I hope you, your family, friends and loved ones have survived the bushfires.

I think if I was making sweet potato pie I'd be more likely to use the orange variety which I think is also called kumera. It has a rich flavour.

My Mum used to make gramma pie when I was young. However she might have gone on strike when my Dad assured her that it wasn't as good as the ones his Mum used to make, because she didn't make them as much after a while.

I've only had pumpkin pie once I think, when an American couple living here invited me to Thanksgiving lunch one year. She made me laugh by saying she was at a loss on how to use a real pumpkin and not just buy it in a can. I think there would be added sugar in the cans. Errr? No thanks!! LOL

I vaguely recall seeing a sweet potato/kumera pie which had a creamy consistency but not from cream. It was possibly/probably from soaking raw cashews and blending them to make a creamy consistency not unlike a cheese cake. I've made a couple of fruity slice recipes with that. Super yum. So yum you don't even realise how healthy it is.

Yep, a quick Google reveals some recipes:

"raw cashew sweet potato cheesecake"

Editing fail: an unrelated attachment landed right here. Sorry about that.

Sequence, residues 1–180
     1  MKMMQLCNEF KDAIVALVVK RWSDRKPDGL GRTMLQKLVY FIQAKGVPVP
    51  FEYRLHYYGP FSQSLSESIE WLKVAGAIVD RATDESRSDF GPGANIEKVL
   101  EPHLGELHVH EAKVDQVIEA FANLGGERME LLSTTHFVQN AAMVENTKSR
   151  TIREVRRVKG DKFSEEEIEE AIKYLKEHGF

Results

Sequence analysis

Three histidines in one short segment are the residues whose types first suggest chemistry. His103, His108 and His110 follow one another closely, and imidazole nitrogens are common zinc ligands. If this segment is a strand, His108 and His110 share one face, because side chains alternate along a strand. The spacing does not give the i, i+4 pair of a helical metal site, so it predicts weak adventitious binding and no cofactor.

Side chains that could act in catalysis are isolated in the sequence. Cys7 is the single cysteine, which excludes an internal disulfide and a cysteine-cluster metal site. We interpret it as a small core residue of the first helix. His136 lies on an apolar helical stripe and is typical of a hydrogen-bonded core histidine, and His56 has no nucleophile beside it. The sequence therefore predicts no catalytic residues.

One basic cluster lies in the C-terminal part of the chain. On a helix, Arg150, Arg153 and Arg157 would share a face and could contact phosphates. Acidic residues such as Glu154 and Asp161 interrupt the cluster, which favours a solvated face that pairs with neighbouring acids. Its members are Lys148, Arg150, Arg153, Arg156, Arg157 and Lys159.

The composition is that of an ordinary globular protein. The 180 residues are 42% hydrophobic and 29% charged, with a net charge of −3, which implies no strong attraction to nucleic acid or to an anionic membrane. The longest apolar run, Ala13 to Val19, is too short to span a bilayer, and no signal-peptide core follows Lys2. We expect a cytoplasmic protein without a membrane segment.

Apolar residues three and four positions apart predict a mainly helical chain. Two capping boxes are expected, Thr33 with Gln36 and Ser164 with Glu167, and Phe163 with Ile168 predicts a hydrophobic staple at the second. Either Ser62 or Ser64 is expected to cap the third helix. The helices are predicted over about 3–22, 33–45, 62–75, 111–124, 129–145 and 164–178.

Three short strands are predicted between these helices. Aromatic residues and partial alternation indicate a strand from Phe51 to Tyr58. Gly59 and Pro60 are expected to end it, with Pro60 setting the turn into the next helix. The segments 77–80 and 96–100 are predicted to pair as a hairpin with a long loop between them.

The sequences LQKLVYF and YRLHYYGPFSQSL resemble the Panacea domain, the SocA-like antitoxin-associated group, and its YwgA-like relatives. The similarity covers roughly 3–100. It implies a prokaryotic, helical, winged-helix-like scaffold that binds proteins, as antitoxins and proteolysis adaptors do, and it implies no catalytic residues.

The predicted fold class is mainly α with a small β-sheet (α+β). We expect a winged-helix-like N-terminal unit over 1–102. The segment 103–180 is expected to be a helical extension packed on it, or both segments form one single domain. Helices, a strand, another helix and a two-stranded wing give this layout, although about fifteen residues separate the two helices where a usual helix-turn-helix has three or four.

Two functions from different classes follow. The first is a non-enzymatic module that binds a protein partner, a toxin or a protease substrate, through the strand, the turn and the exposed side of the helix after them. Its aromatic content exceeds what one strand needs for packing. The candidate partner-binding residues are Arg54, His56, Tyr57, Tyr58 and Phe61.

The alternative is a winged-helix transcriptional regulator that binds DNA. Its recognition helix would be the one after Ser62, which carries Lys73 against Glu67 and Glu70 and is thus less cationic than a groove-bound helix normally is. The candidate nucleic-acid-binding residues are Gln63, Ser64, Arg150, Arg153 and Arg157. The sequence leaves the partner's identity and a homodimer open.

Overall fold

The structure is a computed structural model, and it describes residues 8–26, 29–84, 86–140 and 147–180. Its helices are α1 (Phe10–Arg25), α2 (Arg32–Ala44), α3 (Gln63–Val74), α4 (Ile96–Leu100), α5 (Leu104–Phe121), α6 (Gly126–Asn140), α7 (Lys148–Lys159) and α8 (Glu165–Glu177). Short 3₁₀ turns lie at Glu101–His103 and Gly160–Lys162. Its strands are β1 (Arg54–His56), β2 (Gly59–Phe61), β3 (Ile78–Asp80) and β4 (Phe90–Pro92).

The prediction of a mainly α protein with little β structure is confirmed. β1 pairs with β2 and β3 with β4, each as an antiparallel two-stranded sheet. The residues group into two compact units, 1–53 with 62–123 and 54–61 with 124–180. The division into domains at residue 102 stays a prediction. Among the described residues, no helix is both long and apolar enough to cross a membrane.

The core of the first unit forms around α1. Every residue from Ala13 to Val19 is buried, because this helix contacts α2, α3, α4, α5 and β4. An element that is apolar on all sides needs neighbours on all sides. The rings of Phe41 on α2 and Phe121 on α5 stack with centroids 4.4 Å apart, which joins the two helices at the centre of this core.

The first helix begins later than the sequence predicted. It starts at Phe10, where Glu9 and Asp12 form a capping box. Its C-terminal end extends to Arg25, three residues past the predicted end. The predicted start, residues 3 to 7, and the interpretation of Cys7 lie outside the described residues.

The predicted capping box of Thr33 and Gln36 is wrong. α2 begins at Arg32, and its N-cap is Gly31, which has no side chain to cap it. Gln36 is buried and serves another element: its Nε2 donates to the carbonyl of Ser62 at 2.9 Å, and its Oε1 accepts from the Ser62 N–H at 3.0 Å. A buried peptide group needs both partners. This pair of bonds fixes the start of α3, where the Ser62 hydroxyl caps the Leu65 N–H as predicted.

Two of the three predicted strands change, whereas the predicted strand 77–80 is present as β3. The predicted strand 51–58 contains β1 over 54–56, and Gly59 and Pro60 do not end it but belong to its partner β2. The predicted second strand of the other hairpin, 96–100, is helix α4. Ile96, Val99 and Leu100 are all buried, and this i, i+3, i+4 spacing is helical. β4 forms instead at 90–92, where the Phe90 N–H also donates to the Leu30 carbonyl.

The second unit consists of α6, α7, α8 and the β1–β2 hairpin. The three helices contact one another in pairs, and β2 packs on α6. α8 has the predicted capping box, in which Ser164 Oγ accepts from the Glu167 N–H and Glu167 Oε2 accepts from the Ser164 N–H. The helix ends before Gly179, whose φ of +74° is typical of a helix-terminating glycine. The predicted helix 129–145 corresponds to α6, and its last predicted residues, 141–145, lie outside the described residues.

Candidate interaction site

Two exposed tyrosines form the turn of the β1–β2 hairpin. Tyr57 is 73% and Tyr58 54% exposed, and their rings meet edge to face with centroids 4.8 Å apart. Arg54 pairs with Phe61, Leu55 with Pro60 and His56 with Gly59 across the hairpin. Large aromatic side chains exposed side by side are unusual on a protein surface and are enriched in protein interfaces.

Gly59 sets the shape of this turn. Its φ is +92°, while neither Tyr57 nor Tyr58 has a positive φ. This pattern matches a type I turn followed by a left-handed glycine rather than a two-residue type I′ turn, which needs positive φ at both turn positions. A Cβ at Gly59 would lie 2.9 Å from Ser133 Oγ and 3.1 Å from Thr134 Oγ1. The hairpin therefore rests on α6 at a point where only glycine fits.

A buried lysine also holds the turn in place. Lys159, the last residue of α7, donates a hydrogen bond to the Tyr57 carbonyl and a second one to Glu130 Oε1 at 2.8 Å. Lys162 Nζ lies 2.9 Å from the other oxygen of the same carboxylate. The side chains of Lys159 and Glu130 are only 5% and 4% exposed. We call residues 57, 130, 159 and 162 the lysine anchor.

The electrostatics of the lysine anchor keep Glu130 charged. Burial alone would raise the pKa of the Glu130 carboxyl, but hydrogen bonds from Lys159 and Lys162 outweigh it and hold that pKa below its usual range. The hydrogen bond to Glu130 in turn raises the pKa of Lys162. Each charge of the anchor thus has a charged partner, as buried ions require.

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Subject: RE: BS: Pumpkin vs sweet potato pie
From: WalkaboutsVerse
Date: 25 Jan 20 - 06:19 PM

...wonder where I can try a pumpkin pie in Manchester...maybe a bit more chance this far from Halloween..?


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Subject: RE: BS: Pumpkin vs sweet potato pie
From: JennieG
Date: 25 Jan 20 - 06:27 PM

Fires weren't too close, Helen - thank goodness, and thank you! We have had storms the past couple of evenings and some local roads have been closed due to flash flooding, talk about going from one extreme to the other.

My maternal grandmother used to make gramma pie, and I remember eating it but not being ~quite~ sure if I actually liked it.

Our Canadian trips (No 2 son lives in Toronto, we have friends in other parts of Ontario and on Vancouver Island) have given me a taste for some foods, pumpkin spice muffins among them (and butter tarts, and Nanaimo bars......) so, being unable to buy canned pumpkin here, I just cut unpeeled pumpkin in chunks and roast it for 30-40 minutes or so. No added oil or seasoning. When it has cooled down it is peeled and pureed in a food processor, then frozen one cup at a time in self-seal bags. As most of the recipes seem to call for one cup of pureed pumpkin that works for me.

Yes, definitely I would use the orange sweet potato!


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Subject: RE: BS: Pumpkin vs sweet potato pie
From: Helen
Date: 25 Jan 20 - 06:55 PM

Yes, gramma pie never did it for me either. I think it was the - dare I say it? - sliminess of the gramma.

Pumpkin bread is good too.